I was never meant to be playing Strider, that was a job that had initially be given to Steph, our resident retro-gaming expert. However, it turns out that Strider is one of an increasing number of games that requires a DirectX 11 capable graphics card, and sadly Steph was unable to get the game working. Unaware of what I was getting myself into, I stepped up to fill the breach as any good Editor would.
As I hadn’t played the 1989 retro version of Strider, I wasn’t aware of the dangers of diving in at the Normal difficultly level. It was a devastating mistake to try and play without prior experience at that level, while I slashed my way through the first few areas of normal bad guys, as soon as I came upon the first boss, I was toast. There was no way I was getting past this guy without knowing more of the ins and outs of the game. I didn’t give up though, not one bit. I returned to the main menu, selected New Game and started once more on Easy. Without that easier difficulty mode I might have thrown my controller through my monitor due to the frustration.
Fortunately, at a more sane difficulty level, I was able to appreciate this fast paced action game for what it is: a damn good, fast paced, full-on action game that is a steal of a deal at just £11.99. You take control of Strider Hiryu in his quest to defeat Grand Master Meio, the ruler of Kazakh City. Action takes place in the gorgeous side-scrolling Communist-styled city, as you are splitting foes in half while sprinting around the levels, you really should take a moment to take in the world you are exploring. For such a fast paced game where scenes can flash-by in moments, the details that Capcom have crammed into the game are wonderful.
I mentioned exploring in the previous paragraph, that is another part of the game which you might not initially appreciate, certainly I didn’t. The game is split into zones of Kazakh City, but while you are in a zone, you have pretty much free rein to explore to your hearts content. Exploration is handled via some nifty grappling claws that allows Strider to climb pretty much any surface that doesn’t have an energy field or spinning razor blade on. As you explore each zone you will come across numerous items with health packs to more permanent health boosts along with secrets to be located. The secrets either unlock concept art, intelligence files or extra challenge modes which you can compete in away from the story if you want to get your hands dirty with more combat.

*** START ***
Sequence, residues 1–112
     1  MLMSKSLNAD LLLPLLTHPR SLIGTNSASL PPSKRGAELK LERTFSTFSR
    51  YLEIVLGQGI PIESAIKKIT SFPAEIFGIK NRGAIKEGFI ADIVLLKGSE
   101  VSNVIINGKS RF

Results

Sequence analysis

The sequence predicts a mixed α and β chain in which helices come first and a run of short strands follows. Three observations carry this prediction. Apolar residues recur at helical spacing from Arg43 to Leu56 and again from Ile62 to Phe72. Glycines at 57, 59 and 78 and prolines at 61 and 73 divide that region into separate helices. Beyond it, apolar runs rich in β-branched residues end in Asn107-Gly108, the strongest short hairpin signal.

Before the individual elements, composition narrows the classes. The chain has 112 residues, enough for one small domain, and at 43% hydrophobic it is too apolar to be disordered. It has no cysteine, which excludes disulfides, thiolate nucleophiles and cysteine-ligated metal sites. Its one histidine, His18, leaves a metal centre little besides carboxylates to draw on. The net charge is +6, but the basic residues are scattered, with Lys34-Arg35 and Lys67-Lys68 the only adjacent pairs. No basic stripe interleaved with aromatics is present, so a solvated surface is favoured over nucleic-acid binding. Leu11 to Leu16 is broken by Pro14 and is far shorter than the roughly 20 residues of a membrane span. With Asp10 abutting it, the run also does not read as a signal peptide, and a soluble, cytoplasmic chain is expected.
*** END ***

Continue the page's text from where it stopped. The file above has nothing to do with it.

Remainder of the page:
At first, combat relies on a healthy hammering of X on a 360 controller with A to jump and later, double-jump. Further components to your offensive and defensive arsenal are unlocked after defeating a boss at the end of a zone. I nearly got stuck on Solo, a bounty hunter who lurks around during cut-scenes in the early part of the game, but after patiently learning his attacks, I was able to pick him off. I might have died about a dozen times on the way, but I got there in the end.
The map screen tells me that I am about 20% through the game as I move through the Underground section, and based on the achievements list, I have about seven more bosses to battle before I finish the game. Based on my performance so far against the tougher bosses, that is going to take me a while to get through. While I might not have finished the game quite yet, looking at the price and the enjoyment (the frustration is outweighed by the joy at victory) I’ve had so far, I feel quite comfortable with this Verdict.
Verdict – Headshot
Platforms Available – PC, Xbox 360 and One, PlayStation 3 and 4.
Platform Reviewed – PC
Please read this post for more on our scoring policy. Review copy supplied by Capcom.